Lament for Ignacio Sánchez Mejías by Spanish poet Federico García Lorca is about a the famous Spanish bullfighter of the poem's title. The poet was a personal friend of the late Sánchez, who met the poet through his lover-turned-wife, "La Argentinita" (Encarnación López), a Spanish-Argentine flamenco dancer and widow of a bullfighter who had been killed in the ring. She was a talented dancer who performed in Lorca's plays.
In 1935, Lorca wrote his Lament (Spanish: llanto) to commemorate the death of Sánchez when he died in the ring in the previous year. The poem is divided into four (4) parts: 1.) The Goring and Death (La Cogida y la Muerte), 2.) The Spilled Blood (La Sangre Derramada), 3.) The Laid Out Body (El Cuerpo Presente), and 4.) Absent Soul (Alma Ausente). The four parts of the poem mimic four distinct stages of grief experienced by individuals who have lost someone close to them. These stages include shock, denial, anger, and resignation. In the first part, the poet details the circumstances surrounding the bullfighter's death, using the refrain "at five in the afternoon." In this section, the poet discusses physical and temporal setting ("bones and flutes blow in his ear"). In the second section, the author moves into a stage of denial, asking the moon not appear so that he does not need to see his friend dead. This section's refrain is "I don't want to see it." In the third section, the poet beseech's the help of powerful not to let Sánchez die (I want them to show me the way out for this captain tied to death"). In the fourth section, the poet predicts a dismal world without Sánchez, imagining a time when Sánchez is entirely forgotten "like all the dead who are forgotten").
Sánchez was a quite sensational figure. He traveled the America as a stowaway, received a dangerous wound to his femur in 1914, and was in the ring when his brother-in-law Jóse Gómez was killed in 1920. Sánchez had been married to Gómez' sister, Lola, whom he left to be with La Argentinita. Lorca wrote this poem not only to remember his friend but to immortalize in poetry a man who was a hero of Spain.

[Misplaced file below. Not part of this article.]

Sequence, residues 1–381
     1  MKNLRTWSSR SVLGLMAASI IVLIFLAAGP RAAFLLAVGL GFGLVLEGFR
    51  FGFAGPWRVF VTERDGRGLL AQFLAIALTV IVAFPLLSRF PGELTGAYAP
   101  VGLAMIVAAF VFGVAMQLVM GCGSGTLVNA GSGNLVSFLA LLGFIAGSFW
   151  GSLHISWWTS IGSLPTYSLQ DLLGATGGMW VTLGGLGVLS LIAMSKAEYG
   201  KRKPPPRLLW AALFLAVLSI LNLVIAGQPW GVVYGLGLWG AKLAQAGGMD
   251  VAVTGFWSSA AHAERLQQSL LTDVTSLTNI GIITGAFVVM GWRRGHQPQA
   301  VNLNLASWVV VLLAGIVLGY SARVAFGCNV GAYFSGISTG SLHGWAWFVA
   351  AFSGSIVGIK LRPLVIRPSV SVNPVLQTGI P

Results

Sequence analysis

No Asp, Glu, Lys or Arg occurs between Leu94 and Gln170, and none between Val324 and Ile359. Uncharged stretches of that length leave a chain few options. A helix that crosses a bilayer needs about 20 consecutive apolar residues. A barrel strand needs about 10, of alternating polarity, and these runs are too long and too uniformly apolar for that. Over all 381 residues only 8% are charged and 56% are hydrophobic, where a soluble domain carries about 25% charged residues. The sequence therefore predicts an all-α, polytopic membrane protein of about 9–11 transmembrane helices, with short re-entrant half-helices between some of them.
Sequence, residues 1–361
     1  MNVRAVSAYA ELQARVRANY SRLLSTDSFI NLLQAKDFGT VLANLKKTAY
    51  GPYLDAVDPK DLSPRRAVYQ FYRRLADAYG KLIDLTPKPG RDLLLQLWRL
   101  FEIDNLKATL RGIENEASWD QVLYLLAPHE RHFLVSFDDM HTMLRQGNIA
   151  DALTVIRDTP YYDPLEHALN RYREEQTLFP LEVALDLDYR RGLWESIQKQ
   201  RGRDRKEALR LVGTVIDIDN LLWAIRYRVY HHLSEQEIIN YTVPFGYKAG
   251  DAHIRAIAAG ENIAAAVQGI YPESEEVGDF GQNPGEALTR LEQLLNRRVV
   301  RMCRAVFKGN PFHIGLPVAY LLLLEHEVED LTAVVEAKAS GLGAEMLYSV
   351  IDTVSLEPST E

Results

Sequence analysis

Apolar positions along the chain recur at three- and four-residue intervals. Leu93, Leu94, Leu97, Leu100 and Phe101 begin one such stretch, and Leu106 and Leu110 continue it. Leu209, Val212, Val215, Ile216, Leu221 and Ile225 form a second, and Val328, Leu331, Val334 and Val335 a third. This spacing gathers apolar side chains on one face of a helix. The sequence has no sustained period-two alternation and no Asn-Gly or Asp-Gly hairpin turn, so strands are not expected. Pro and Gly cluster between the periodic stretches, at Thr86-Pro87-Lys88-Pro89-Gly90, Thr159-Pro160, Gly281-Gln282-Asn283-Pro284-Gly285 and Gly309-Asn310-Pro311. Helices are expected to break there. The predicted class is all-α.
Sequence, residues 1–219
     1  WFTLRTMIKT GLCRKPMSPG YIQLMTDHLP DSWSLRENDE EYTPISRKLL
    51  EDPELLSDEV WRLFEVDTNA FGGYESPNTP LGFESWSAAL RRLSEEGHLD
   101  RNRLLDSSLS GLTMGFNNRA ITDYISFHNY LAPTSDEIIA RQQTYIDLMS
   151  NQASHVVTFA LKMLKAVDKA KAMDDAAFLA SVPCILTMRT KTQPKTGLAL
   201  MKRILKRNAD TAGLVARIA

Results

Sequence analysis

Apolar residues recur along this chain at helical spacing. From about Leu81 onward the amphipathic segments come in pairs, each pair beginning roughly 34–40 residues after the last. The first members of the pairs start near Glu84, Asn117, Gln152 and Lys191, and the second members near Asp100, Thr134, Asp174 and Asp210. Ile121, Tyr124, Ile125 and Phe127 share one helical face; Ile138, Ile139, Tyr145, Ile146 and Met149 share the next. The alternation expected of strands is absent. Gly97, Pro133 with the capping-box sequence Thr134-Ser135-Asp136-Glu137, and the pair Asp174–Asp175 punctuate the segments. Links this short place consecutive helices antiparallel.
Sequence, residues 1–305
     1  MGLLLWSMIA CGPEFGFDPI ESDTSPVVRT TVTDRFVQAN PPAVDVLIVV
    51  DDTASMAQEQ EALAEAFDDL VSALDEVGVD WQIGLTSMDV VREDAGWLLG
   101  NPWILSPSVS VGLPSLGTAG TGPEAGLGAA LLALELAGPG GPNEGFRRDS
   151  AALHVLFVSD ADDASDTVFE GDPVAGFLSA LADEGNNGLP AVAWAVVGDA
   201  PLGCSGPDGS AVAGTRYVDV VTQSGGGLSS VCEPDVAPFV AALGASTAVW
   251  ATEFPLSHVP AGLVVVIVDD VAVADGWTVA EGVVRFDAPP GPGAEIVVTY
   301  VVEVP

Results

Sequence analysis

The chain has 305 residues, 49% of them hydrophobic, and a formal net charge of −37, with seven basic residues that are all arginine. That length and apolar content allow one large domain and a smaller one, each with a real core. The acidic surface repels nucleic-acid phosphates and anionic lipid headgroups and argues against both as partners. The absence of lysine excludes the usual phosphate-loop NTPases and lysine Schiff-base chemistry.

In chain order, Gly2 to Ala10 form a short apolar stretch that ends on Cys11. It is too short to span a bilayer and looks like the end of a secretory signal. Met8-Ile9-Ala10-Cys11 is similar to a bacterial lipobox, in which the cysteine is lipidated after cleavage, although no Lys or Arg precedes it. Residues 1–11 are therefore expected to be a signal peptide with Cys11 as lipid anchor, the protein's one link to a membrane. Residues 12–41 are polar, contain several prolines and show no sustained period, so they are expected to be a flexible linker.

Lament for the Death of a Bullfighter is a long elegy divided into four parts corresponding to four dramatic movements. It was written to commemorate and celebrate the death of a man who many considered the bravest and most gallant matador of Spain. Ignacio Sánchez Mejías was also Federico García Lorca’s great friend. In this poem, there is complete identification between poet and speaker.
The first part of the poem, “The Goring and the Death,” starts at the very hour of the tragedy—“at five in the afternoon”—and proceeds to dwell on all the horrific details of the bull ring. A child brings a white sheet; lime is spread to soak up the blood; we can see and smell the chemicals of death, the chloride and the iodine. Surprisingly, what is missing is the fallen hero himself. It is as if the speaker cannot bring himself to look at his friend, lying bleeding in the sand, and instead must concentrate on what surrounds his body. The cadence is like that of a muted, tolling bell as after every stark image, the litany-like response “at five in the afternoon” is repeated.
The scene then shifts to Ignacio’s deathbed, where the killer bull, “El Granadino,” has become a bellowing nightmare that roars in triumph in the bullfighter’s ears in his delirium. The clinical facts of a terrible death by gangrene poisoning are expressed poetically, but the agony cannot be hidden by beautiful words. Sensing that, again, after every image, the speaker drums into the listener the hour of the incident, until, finally, the poetic voice rises in protest at the significance of these “terrible fives.”
The same fever pitch continues into the second section, “The Spilt Blood.” The speaker shouts that he does not want to see Ignacio’s blood in the sand and that no one can force him to gaze on it. (In this context, it is interesting to note that...
(The entire section is 1,756 words.)